Because of the difference between the Australian Healthcare system (which is universal although private health insurance also exists in partnership) and the US health care system, I don't think that the kind of role that you describe exists in Australia - and definitely not at the pay rates that you are used to - for context the EN pay rates 
QLD: ~$62300 - $72300
WA: ~$58900 - $68068
VIC : ~$52400 - $69160
NSW: ~$55000 - $62972

As you have not been working in a clinical setting for seven years you may also find it difficult to prove recency of practice if APHRA does not recognise your work as being "nursing" - I would recommend contacting APHRA and discussing your circumstances.

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On 6/1/2019 at 1:22 AM, K+MgSO4 said:

Have a look at NDIS and private health insurance sector such as Medibank private, BUPA etc. For roles that you can do but there is nothing like what you describe. There are care coordinator roles in the public system in EDs and HARP programs but all the people I know in them are RNs.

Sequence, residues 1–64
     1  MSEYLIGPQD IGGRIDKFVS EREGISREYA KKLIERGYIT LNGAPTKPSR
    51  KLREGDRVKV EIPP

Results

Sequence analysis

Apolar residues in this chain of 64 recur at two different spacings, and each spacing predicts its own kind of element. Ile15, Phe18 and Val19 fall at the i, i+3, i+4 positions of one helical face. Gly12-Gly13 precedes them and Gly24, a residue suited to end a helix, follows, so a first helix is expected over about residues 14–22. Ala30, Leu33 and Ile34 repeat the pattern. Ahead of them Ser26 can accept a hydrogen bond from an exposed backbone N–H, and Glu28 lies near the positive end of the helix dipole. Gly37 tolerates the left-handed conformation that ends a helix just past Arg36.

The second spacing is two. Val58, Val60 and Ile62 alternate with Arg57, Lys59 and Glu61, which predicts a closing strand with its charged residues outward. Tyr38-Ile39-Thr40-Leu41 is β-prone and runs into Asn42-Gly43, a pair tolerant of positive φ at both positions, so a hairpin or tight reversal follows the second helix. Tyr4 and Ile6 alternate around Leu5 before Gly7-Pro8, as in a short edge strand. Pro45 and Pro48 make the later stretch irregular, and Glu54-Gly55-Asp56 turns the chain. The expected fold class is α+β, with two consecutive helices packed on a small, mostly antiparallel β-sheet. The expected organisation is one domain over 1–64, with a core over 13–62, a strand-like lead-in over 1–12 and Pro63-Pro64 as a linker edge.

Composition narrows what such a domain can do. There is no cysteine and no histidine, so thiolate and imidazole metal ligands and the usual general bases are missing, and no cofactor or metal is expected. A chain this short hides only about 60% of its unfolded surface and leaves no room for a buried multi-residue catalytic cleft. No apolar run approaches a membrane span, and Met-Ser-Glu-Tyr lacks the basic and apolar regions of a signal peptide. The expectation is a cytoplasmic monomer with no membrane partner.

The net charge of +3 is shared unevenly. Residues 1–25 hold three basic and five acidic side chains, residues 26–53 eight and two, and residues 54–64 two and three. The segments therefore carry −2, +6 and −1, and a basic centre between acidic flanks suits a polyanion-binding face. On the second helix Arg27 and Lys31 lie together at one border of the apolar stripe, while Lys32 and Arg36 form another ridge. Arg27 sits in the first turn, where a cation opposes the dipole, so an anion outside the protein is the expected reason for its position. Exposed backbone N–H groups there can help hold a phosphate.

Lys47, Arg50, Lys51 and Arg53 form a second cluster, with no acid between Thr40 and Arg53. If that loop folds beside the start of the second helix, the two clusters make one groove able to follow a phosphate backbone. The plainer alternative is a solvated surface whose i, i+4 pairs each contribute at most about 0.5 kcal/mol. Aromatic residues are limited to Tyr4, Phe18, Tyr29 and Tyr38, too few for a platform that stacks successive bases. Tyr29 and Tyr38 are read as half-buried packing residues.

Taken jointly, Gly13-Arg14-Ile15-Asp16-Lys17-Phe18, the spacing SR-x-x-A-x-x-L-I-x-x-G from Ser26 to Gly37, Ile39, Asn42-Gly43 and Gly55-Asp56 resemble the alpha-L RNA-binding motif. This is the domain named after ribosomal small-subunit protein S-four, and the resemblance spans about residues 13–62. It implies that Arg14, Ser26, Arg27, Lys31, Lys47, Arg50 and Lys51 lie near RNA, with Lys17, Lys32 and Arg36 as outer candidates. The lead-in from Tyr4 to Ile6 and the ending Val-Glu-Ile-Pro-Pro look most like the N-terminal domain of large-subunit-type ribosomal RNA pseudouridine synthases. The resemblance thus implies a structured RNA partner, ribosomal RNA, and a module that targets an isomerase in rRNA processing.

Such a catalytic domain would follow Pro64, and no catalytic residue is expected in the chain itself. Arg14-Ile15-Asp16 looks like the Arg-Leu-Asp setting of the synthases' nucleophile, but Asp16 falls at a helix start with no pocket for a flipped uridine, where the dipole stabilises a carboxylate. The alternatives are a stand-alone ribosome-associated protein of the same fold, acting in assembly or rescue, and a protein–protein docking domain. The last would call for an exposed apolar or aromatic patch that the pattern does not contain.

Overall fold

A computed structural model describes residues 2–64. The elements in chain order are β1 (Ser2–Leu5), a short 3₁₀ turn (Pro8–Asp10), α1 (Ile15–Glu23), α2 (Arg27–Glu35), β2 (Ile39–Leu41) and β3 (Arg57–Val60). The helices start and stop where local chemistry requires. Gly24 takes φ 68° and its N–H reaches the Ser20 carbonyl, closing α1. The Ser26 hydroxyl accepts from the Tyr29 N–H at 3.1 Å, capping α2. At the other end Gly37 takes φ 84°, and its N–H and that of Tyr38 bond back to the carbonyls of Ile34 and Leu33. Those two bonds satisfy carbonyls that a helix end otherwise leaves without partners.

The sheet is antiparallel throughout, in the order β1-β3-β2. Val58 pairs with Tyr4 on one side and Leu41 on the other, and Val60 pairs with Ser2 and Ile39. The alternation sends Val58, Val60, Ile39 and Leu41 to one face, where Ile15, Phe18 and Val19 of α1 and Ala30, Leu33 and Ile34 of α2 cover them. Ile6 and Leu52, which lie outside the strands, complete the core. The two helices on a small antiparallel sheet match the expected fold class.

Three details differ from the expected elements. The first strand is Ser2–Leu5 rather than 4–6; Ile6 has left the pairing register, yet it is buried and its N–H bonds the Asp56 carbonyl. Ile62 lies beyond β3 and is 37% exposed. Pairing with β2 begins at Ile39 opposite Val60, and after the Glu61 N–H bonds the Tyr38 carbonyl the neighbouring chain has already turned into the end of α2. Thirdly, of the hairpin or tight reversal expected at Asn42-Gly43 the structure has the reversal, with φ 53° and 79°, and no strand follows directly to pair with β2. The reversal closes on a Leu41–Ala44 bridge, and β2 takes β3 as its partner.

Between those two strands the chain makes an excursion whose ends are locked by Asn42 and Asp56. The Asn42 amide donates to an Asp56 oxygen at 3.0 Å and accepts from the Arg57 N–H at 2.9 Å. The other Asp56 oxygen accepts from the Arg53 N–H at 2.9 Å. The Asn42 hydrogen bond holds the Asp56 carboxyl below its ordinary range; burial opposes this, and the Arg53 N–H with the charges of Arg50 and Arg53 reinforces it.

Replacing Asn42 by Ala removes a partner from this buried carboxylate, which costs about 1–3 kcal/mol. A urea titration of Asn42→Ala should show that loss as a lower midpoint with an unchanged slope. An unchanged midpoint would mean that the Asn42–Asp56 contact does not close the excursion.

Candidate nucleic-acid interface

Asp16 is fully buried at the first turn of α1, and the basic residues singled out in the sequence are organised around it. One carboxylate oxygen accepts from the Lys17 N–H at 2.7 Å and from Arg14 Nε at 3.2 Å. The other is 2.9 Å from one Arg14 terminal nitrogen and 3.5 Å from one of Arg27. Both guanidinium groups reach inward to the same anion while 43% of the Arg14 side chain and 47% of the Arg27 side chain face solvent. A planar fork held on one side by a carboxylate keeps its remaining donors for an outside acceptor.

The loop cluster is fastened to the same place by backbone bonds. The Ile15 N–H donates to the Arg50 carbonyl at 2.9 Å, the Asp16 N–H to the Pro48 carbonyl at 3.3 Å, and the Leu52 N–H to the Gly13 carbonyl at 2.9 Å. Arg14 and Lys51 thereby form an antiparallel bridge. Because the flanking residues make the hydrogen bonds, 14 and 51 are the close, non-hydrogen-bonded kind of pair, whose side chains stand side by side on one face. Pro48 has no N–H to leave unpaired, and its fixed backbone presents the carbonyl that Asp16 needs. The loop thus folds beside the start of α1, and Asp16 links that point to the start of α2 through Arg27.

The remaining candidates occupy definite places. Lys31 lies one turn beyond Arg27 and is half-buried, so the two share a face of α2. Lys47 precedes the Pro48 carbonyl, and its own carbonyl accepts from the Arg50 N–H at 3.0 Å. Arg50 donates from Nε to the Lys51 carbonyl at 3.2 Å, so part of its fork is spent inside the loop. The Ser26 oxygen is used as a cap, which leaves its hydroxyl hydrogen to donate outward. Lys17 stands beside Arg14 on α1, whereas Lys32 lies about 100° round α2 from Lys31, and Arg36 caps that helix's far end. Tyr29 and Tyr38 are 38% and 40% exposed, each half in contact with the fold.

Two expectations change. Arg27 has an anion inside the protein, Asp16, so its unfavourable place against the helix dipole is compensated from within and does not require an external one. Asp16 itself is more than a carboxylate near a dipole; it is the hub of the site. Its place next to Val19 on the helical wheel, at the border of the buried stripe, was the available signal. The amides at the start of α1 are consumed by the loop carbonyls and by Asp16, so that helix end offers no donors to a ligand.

Also be aware that EEN roles do not attract sponsorship visas so you would need to have work rights.

In all honesty you are going to take a pay cut, a significant one.  I am a NUM in Victoria and only since the latest EBA pay increase will I now make $102,000 PA before tax.

Thank you, interesting information. I would be only working because I will be married to an AU citizen, so I'm not too worried about the working visa.

If you don't mind me asking - can you briefly explain the discharge process of a patient from a hospital? Who schedules the patient to see his primary and/or specialists, any procedures, arranges home health aid, nursing facility placement etc? Is it the floor nurse or does the patient call themselves to arrange?

Thank you!

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I can’t speak for every ward but on my ward -

the doctors send a referral tomorrow to any specialist or medical imaging the patient needs - May either be done privately or the patient may be booked to come back to the hospital as an outpatient.

we send a discharge summary to the patients GP (primary doctor ) and advise the patient if they need to book an appointment with the GP.

in terms of home services - depending on what they need this will be organised either by the nurse, the social worker or the allied health team . At my hospital we have a complex discharge team who also help for complicated discharges.